By Mark Dolliver (CMO.com)
Pick the true statement: (1) There are more than 50 million Hispanics in the U.S., or (2) The Hispanic market in the U.S. now totals more than 50 million people. Marketers who pick Statement 2 have misinterpreted the 2010 Census. Yes, more than 50 million Hispanics live in this country, but marketers can’t afford to be mesmerized into imagining these millions of people cohere neatly into one, big market. Behind the number lays crucial differences in demographics (such as immigrant vs. U.S.-born), language preferences, technology usage, and residential patterns—all of it roiled by an economy that has been especially brutal for Hispanics. Marketers need to be alert to such nuances if they’re to successfully navigate the markets that compose the headlined 50 million total.
“When I go into a meeting and a client asks me, ‘So how should we reach the Hispanic consumer?’ right there I know they haven’t even taken Hispanic Marketing 101,” said Leylha Ahuile, senior multicultural analyst at market-intelligence firm Mintel, in an interview with CMO.com. “If they were to tell me, ‘I want to reach Hispanic males 18 to 24,’ then they get it. They understand there is a segment. If you were to tell me females are a single market—of course not! You would never treat the female population or the male population as one market. Why would you do the same for Hispanics?”
In some instances, what people think they know about the country’s Hispanic population happens not to be true. Hispanics’ usage of the Internet and other new technologies is, for marketers, a key case in point. Years of talk about a “digital divide” between non-Hispanic whites and ethnic minorities might have left a lingering impression that Hispanics are not engaged by the Internet. But while some disparities do persist (in home broadband access, for example), a majority of Hispanics are online. And in usage of some new technologies, they significantly outpace the general population.
A report earlier this year from Nielsen said that, as of 2010, 62 percent of U.S. Hispanics had Internet access at home. Add in those who go online from other venues, noted Nielsen, “and Internet penetration rises to about 88 percent.” Moreover, plenty of Hispanics are using the Internet to guide their behaviors as consumers. One indication: Polling last summer by the Pew Research Center’s Internet & American Life Project found 76 percent of wired Hispanics have used the Internet to research products; 34 percent have posted their own product reviews online.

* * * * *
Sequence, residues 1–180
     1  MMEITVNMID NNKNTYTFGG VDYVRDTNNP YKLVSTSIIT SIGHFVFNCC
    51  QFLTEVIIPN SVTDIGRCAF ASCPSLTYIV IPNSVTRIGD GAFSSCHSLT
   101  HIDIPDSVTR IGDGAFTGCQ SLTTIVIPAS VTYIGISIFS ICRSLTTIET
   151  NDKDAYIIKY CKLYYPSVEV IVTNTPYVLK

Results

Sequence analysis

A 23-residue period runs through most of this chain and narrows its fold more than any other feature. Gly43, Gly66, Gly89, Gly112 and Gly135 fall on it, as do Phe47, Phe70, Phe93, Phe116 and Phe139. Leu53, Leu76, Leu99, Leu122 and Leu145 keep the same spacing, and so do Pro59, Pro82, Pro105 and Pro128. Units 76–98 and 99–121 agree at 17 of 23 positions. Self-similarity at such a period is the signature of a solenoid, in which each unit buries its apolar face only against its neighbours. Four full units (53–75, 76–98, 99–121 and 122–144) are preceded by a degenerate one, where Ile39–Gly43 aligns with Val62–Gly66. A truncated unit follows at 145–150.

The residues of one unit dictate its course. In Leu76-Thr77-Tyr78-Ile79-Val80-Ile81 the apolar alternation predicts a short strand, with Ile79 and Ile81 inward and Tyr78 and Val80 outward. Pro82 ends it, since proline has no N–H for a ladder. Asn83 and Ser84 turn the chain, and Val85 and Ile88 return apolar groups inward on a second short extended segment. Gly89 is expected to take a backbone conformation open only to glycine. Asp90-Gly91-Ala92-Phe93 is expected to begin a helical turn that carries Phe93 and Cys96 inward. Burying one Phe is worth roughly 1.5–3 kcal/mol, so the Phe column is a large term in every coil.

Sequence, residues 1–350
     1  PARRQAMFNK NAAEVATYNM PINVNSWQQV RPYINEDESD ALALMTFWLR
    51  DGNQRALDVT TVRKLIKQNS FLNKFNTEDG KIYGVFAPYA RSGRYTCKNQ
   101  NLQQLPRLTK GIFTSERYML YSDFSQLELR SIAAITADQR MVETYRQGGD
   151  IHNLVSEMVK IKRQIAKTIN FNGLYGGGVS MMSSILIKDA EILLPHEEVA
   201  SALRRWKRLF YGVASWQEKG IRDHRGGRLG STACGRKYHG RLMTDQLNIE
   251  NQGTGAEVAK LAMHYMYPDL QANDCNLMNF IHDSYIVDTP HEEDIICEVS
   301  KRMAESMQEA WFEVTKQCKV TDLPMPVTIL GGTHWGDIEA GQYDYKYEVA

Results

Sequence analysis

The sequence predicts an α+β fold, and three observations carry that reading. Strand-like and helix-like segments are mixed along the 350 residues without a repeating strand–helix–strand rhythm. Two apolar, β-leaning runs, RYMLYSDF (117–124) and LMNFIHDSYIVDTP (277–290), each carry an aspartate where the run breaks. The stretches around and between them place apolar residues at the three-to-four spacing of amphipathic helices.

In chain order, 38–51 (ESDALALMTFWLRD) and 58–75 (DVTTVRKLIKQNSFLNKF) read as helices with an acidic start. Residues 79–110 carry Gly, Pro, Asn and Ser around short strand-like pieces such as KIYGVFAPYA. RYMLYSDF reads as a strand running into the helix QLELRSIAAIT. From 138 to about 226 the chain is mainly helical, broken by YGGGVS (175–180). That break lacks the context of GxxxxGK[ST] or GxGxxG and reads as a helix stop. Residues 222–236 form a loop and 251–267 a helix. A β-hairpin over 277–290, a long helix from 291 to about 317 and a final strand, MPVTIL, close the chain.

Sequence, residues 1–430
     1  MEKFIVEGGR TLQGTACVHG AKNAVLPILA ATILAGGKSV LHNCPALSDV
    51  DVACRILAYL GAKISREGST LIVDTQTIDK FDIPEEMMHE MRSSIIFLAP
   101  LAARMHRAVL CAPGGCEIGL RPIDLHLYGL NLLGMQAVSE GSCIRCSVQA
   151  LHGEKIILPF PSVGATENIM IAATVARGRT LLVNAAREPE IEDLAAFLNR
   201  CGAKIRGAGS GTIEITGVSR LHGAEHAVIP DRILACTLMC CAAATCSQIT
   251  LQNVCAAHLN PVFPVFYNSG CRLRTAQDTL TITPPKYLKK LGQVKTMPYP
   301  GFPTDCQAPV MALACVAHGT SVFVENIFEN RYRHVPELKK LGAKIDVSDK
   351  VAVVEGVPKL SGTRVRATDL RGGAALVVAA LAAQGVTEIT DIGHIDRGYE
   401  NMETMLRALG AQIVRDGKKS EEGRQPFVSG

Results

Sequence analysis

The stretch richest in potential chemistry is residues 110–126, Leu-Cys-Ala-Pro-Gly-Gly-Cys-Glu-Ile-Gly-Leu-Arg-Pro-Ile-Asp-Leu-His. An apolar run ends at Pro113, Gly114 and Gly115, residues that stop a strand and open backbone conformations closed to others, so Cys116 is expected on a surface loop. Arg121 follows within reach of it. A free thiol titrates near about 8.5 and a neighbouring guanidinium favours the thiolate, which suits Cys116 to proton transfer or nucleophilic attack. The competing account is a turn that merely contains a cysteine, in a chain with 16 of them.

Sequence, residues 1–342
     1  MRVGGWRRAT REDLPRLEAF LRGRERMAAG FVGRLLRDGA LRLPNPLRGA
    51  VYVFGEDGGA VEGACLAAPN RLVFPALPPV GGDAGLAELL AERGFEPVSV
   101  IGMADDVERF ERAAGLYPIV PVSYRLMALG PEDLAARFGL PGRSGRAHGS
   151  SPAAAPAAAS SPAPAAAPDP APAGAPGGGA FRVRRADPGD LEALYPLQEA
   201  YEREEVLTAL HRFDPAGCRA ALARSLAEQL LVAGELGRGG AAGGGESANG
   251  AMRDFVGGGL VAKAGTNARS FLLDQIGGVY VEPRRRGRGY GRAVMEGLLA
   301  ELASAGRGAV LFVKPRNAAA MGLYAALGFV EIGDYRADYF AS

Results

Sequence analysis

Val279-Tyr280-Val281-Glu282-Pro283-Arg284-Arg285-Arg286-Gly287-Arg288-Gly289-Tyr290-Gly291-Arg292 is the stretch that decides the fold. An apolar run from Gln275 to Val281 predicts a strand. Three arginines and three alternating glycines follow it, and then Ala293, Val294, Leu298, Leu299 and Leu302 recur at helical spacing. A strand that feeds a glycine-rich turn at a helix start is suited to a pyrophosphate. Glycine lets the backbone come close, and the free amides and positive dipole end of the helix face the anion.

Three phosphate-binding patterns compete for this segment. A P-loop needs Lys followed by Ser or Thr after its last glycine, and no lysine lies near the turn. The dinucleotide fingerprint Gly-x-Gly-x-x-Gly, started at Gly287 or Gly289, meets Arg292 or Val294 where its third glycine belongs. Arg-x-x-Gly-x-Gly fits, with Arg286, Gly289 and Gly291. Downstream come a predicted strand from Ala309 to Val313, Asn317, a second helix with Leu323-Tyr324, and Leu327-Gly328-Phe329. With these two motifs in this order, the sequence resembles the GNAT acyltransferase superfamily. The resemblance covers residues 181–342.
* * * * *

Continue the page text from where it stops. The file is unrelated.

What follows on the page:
Mobile technology is particularly important to Hispanics—and, as such, to any marketer who hopes to connect with them. A study this past April and May by Pew found that 44 percent of Hispanic adults have a smartphone, far exceeding the 30 percent of non-Hispanic whites who do so. And 74 percent of Hispanic smartphone owners use the device on “a typical day” to access the Internet or e-mail. Similarly, Pew found Hispanics twice as likely as non-Hispanic whites (15 percent vs. 7 percent) to own a tablet computer. Wrapping up its own bulletin in April on Hispanics’ mobile and tablet usage (under the headline “Hispanics More Digitally Engaged Than General Population”), BIGresearch offered this counsel to marketers: “With a market that is more digitally engaged than the general population, Hispanic mobile initiatives should be allocated more ad dollars for increased ROI.”